Information credited to www.americanmedspa.org.
On July 1, 2014, Judge Stephen Yelenosky of the 126th State District Court in Austin ruled that Texas Medical Board (TMB) Rule 193.17 was without “reasoned justification” and should be remanded to the TMB for further consideration. The order came as a result of a lawsuit brought by the Texas Association of Aesthetic Nurses asking the Rule be invalidated. “While the ruling negates Rule 193.17 for now, you should assume the TMB will be hard at work drafting another rule to regulate nonsurgical medical cosmetic procedures,” stated Stuart Miller of Strasburger & Price, LLP, who has been advising the America Med Spa Association about the new regulations.
Under Rule 193.17, among a laundry list of requirements, medical spas could not perform nonsurgical medical procedures without having a physician, a nurse practitioner or physician assistant on staff to complete a 10-step process before beginning the procedure. The rule did not, however, require a physician actually be on the premises during the procedure, but rather necessitated only that a doctor be available for an emergency consultation. Judge Yelenosky’s order noted that: The rule allows qualified unlicensed personnel to perform a procedure without a physician or midlevel practitioner onsite during the procedure and without requiring the physician to go onsite in the event of an adverse outcome. Yet the reason given for the rule is that the presence of a physician or midlevel provider during procedures to personally treat or supervise treatment of any complications arising from the procedure insures patient safety. The rule and the justification contradict one another.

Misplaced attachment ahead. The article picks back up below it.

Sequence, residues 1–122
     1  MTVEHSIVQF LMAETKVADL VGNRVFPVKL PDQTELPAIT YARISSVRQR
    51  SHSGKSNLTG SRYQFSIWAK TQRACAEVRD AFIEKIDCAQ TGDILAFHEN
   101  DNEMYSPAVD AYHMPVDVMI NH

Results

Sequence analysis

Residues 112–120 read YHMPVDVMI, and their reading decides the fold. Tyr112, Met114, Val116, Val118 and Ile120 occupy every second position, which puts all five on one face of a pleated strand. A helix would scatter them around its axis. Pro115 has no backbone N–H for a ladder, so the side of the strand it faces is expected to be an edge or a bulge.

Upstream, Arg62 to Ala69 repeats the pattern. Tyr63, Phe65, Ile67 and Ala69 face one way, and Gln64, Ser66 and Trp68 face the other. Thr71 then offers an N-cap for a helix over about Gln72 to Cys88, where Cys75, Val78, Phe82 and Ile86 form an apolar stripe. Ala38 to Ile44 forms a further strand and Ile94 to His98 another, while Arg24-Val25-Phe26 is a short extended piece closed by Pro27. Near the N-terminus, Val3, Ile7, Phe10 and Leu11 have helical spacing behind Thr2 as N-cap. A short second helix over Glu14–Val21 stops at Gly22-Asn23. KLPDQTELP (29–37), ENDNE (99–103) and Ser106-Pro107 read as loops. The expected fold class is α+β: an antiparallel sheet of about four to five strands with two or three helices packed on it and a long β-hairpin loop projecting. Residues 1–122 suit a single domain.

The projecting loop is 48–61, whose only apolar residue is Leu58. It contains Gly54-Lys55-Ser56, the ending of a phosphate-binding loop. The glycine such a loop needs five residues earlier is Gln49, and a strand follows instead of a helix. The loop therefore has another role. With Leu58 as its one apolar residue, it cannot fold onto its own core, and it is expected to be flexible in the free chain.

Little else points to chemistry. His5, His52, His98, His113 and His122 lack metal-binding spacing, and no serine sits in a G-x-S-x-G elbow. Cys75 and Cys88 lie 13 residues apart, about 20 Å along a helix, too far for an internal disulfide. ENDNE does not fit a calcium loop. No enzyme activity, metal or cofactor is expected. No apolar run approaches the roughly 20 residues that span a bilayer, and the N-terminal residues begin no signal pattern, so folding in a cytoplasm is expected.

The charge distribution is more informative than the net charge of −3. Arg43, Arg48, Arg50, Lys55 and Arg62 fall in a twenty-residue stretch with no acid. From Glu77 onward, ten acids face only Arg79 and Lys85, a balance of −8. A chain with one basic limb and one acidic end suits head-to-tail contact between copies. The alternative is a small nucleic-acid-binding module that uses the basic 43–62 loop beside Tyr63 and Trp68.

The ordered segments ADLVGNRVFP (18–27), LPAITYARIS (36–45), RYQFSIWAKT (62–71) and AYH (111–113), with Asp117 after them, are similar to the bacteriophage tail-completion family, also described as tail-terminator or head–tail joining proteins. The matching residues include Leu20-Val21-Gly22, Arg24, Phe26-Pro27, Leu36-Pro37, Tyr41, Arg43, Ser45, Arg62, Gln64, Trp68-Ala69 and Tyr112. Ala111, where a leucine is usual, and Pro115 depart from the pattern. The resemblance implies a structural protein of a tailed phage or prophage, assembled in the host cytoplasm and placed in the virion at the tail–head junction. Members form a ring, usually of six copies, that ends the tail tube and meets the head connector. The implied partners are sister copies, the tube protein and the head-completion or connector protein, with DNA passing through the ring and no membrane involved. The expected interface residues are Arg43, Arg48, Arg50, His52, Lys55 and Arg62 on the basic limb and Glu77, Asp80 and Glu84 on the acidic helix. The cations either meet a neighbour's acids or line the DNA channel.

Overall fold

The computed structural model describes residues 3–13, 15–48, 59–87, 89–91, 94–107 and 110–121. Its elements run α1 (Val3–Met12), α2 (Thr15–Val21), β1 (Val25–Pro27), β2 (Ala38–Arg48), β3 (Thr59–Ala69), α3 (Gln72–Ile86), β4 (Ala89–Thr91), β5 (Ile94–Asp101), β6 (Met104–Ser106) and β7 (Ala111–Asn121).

“If the Rule were to require a physician or midlevel practitioner to be present during a procedure, it would seem to pass muster with the district court judge,” noted Miller. “This will be a key time period for industry representatives to make their views known to the TMB in order to devise a rule that is workable for the industry and TMB.”
Although Texas has not passed specific legislation or adopted particular rules governing medical spa operations, there has been heightened administrative action taken against licensed medical and cosmetology professionals related to unauthorized services being performed or the failure of such licensed professionals to adequately supervise the performance of such services. Additionally, the Texas Medical Board has established a rule that requires physicians who perform procedures for which anesthesia services, including the use of analgesics and anxiolytics, are provided in an outpatient setting to register with the TMB.1 While this TMB registration requirement primarily affects outpatient surgeries performed at licensed Ambulatory Surgery Centers in Texas, the language of the rule would also cover any outpatient surgeries performed in a medical spa that require anesthesia services. A new TMB rule related to nonsurgical medical cosmetic procedures (22 Tex. Admin. Code § 193.17) became effective on November 7, 2013.